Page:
October 27, 2010
Minnesota Law Battles 50% State Subsidy Cut With 13% Tuition Increase, 1% Faculty Pay CutMNDaily, After Cuts, Law School Eyes Future: A 50% Cut in Two Years Translates to Increased Tuition:
Like every other college at the University of Minnesota, the Law School is facing a litany of budget woes, including a daunting cut in state funding from 22% to 11% in two years.
The results of this cut include a 13.5% increase in tuition this academic year and a 1.15% percent pay cut for faculty in the 2011 fiscal year.
Dean David Wippman revealed all this in the State of the Law School address to about 60 students Monday at Mondale Hall. Wippman explained how the Law School plans to maintain quality through difficult times by focusing on alumni outreach, namely for fundraising purposes and mentoring current students.
We're obviously moving toward a segmented market in public legal education. There will be top-tier schools that want to compete with their private brethren. This means staying nose to nose with private schools on both faculty compensation and course load. It also means investing in institutes, centers, and programs that facilitate research. As a practical political matter, it's going to be near impossible for any state school to achieve this without amping tuition beyond $30K. We've already seen the Berkeley/Virginia/Michigan move and the real question is which other schools intend to follow that model. (I would have guessed Minnesota, among others.) Then there will be the remainder of state schools that temper their commitment to super high-end hiring and retention with the practical reality that state governments neither desire, nor can afford, a Lexus law school.
The interesting question is where these decisions will be made. Will faculties decide they want to support and grow elite programs, moving strategically to reduce or eliminate state subsidies? Or will university administrations, or state governments, insist that tuitions remain low - insuring that their state law schools are affordable and signaling that access is an extremely important value. (The UC system may be pursuing a third model -- one a tad more redistributive -- featuring high sticker prices and unusually expansive need-based financial aid.)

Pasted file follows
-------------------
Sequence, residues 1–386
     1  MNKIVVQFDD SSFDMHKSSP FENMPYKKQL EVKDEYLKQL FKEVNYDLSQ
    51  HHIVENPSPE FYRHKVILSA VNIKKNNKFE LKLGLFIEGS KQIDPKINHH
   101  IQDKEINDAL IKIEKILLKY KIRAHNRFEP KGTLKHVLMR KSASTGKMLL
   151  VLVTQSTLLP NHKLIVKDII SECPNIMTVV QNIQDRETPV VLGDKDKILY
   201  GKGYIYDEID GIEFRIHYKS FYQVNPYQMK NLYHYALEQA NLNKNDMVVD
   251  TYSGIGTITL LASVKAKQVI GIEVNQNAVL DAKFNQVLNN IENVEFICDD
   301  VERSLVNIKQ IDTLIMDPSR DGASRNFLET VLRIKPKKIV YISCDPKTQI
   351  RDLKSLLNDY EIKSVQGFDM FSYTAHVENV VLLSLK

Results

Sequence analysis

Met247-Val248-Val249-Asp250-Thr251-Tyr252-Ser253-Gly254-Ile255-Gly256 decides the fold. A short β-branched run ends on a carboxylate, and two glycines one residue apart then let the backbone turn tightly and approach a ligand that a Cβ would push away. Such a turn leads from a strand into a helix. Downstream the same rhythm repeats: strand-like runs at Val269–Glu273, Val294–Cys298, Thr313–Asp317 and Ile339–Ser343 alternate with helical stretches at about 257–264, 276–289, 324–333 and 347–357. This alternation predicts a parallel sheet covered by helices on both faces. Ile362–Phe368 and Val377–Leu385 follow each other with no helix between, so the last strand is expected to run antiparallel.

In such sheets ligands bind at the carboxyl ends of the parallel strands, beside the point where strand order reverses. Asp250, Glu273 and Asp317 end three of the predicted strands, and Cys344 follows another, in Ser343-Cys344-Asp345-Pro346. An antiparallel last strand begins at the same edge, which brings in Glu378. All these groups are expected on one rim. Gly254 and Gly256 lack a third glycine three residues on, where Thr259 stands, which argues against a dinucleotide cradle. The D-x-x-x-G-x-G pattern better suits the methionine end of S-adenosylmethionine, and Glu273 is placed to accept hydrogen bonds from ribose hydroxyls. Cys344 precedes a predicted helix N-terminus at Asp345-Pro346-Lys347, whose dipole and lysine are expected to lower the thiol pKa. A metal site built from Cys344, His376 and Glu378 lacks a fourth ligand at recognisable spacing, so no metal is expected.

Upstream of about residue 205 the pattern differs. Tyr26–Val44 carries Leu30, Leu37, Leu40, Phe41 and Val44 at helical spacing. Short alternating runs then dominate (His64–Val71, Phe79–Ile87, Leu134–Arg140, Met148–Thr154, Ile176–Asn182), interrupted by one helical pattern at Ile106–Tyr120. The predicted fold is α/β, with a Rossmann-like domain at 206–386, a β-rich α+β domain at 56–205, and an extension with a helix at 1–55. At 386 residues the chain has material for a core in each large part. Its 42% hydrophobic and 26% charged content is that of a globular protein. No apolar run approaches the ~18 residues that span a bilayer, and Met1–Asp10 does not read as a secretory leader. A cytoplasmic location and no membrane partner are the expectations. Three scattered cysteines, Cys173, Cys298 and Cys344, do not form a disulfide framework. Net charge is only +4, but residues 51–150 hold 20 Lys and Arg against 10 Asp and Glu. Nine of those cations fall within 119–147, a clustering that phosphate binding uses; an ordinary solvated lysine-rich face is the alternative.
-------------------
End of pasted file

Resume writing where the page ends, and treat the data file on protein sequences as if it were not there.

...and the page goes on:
In a world of unlimited resources, one law school can be everything to everyone. As things now stand, however, law schools are forced to make critical choices.
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I can't blame them, but I think large tuition increases in the current market are probably a mistake. As much as I complain about cutbacks in research funds, etc. at Rutgers, there's no question we get better students than we deserve because we kept costs down. But Minnesota is playing in a different league--my guess is that they cannot easily give up the status of a "top 20" or "top 25" law school--so the students pay the price.
Posted by: Michael A. Livingston | Oct 27, 2010 4:49:14 PM
Law schools need to abandon the magnificent glass-and-steel buildings, the latte kiosks, and other materialistic trappings, and get back to the basic mission of turning out graduates who can contribute something to the law. Most of this nattering about faculty research ought to go by the wayside as well. If one in ten articles published by lawprofs find any use in the hands of practicing lawyers, that would be amazing.
Posted by: Jake | Oct 27, 2010 10:01:23 PM
Notice how none of what Minnesota is looking at doing will benefit its students in any real way. It will benefit the faculty at the school, but not the students. That's of course what drives most decisions at American law schools.
Posted by: Hansel | Oct 28, 2010 11:53:52 AM
Magnificent buildings and latte kiosks? Have you ever been to the U of M Law School? Trust me, we're not exactly in the lap of luxury. U of M law has a long history of doing a lot with a little money, but cutting funding in half in two years is just unreasonable. Thanks a heap, Pawlenty!
Posted by: Becca | Oct 29, 2010 1:49:01 PM